“I will now praise the godly,
our ancestors, in their own time,
The abounding glory of the Most High's portion,
his own part, since the days of old.”
— Sirach 44:1–2
Saint Benedict parish was founded in 1911 to minister to Catholics of German ancestry. They were originally parishioners of Saint Mary’s (now defunct) in downtown Richmond, and had begun migrating to the West End of the city. According to an agreement reached by Bishop Augustine Van de Vyver, the sixth bishop of Richmond, and Bishop Leo Haid, OSB, the vicar apostolic and territorial abbot of North Carolina (now Belmont Abbey), the Benedictine monks would open a high school for boys and run an attached parish in what is today the Museum District.
After the parish and all-boys high school (Benedictine College) were established, an elementary school (Saint Benedict, 1919) and a high school for girls (Saint Gertrude, 1922) followed. With the parish and schools in close proximity, the Benedictine monks and sisters forged a nexus that would educate generations of Catholics and non-Catholics in Richmond.
The parish church was fortuitously dedicated on August 28, 1929—just two months before the stock market crash that unleashed the Great Depression. Bishop Andrew Brennan, the eighth bishop of Richmond (1926–1945), performed the dedication ceremony. The church, considered among the most beautiful in the diocese, has the classical shape of a Roman basilica and includes Byzantine and Gothic ornamentation.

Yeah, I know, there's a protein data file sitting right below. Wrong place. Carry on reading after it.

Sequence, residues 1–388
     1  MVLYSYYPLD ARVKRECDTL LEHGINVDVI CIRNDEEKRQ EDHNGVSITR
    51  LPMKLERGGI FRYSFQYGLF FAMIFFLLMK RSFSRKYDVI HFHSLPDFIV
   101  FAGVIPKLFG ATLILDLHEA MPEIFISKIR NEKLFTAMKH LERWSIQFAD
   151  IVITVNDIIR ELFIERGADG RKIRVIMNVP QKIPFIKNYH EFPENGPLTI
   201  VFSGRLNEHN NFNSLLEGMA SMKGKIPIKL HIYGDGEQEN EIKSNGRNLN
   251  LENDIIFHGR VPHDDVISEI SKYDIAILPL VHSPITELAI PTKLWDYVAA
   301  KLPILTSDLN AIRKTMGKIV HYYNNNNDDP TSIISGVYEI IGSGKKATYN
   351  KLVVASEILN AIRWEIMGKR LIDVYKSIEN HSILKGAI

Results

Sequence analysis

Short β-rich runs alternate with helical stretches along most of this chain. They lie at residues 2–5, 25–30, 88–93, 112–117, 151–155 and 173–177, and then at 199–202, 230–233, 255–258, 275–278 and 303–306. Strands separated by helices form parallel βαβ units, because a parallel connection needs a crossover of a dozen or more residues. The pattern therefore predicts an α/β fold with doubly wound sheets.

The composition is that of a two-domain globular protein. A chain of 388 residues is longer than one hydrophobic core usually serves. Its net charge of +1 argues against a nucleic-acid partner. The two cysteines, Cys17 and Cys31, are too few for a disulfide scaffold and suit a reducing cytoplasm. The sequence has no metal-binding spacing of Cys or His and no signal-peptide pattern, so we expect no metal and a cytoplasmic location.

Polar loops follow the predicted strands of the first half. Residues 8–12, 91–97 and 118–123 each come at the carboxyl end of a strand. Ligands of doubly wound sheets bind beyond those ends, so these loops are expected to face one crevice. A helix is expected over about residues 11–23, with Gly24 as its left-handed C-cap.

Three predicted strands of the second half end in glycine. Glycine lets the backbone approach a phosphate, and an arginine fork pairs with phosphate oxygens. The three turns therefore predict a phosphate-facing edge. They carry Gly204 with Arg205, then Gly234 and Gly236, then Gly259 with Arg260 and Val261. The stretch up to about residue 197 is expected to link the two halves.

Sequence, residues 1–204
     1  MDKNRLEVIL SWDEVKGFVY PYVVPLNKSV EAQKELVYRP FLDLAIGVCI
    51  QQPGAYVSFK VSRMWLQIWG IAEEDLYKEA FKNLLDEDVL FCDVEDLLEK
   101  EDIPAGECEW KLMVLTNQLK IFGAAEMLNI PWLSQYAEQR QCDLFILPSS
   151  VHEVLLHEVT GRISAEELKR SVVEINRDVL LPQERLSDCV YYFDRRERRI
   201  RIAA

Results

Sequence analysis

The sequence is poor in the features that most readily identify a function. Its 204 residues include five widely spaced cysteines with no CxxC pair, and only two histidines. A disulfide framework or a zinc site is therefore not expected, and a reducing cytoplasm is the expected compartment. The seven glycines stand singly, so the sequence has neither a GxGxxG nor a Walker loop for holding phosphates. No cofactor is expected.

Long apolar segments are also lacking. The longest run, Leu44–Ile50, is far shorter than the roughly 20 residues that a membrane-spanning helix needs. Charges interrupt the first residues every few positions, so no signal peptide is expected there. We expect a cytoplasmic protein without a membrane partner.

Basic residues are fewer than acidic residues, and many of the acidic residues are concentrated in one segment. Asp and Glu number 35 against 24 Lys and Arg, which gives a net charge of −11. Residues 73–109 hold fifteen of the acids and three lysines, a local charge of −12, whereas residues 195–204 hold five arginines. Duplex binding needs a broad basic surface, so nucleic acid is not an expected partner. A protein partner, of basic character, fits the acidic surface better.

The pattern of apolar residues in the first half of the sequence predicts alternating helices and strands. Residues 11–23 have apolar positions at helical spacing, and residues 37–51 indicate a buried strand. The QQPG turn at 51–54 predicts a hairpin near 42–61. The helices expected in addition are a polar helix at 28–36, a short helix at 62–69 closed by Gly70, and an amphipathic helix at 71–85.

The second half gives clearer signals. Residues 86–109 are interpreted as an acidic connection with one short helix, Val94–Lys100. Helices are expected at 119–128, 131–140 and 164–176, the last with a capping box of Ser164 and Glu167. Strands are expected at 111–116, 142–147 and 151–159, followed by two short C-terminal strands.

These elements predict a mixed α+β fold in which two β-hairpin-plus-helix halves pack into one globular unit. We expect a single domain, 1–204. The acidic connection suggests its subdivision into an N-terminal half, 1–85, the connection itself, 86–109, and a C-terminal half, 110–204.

From its beginning through the 1960s, Saint Benedict parish, together with its associated schools, grew in proportion to the West End of Richmond. Many Catholics came to inhabit the area around the parish, making it a neighborhood community.
The identity of the parish shifted during the 1970s and 1980s. As in many communities at that time, there was confusion and debate at Saint Benedict’s about how to implement the reforms of Vatican Council II (1962–1965). In the area of worship, the parish adopted a contemporary liturgical style and music, which encountered both support and resistance, even as the parish remained active in other ministries.
The next decade was also a pivotal time. In 1989, the monks of the parish (Saint Benedict Priory) formed an independent abbey (Mary, Mother of the Church), becoming detached from Belmont Abbey. As a result, most of the monks moved to a new monastery in Goochland County in 1994. This development absorbed much of the parish’s attention. During the same period, Saint Benedict’s was becoming less of a neighborhood parish, with more of its members coming from outside the territorial boundaries. The community crossed a historic threshold in 1999, when the monks ceded the care of the parish to the diocese because of declining vocations.
In the new era, Saint Benedict’s emerged as a more traditional parish, which today attracts people from within the Museum District and beyond. The parish is best known for its majestic church and reverent worship. Notable, too, is Oktoberfest, the three-day festival that pays tribute to the parish’s German roots, gathering 40,000 people and raising tens of thousands of dollars for Catholic education each year. Saint Benedict School, a ministry of the parish, stands out by maintaining a strong Catholic identity and by offering a classical educational curriculum.
For more than a century, the Benedictine motto has guided the work of the parish: ut in omnibus glorificetur Deus, “that in all things God may be glorified” (1 Peter 4:11).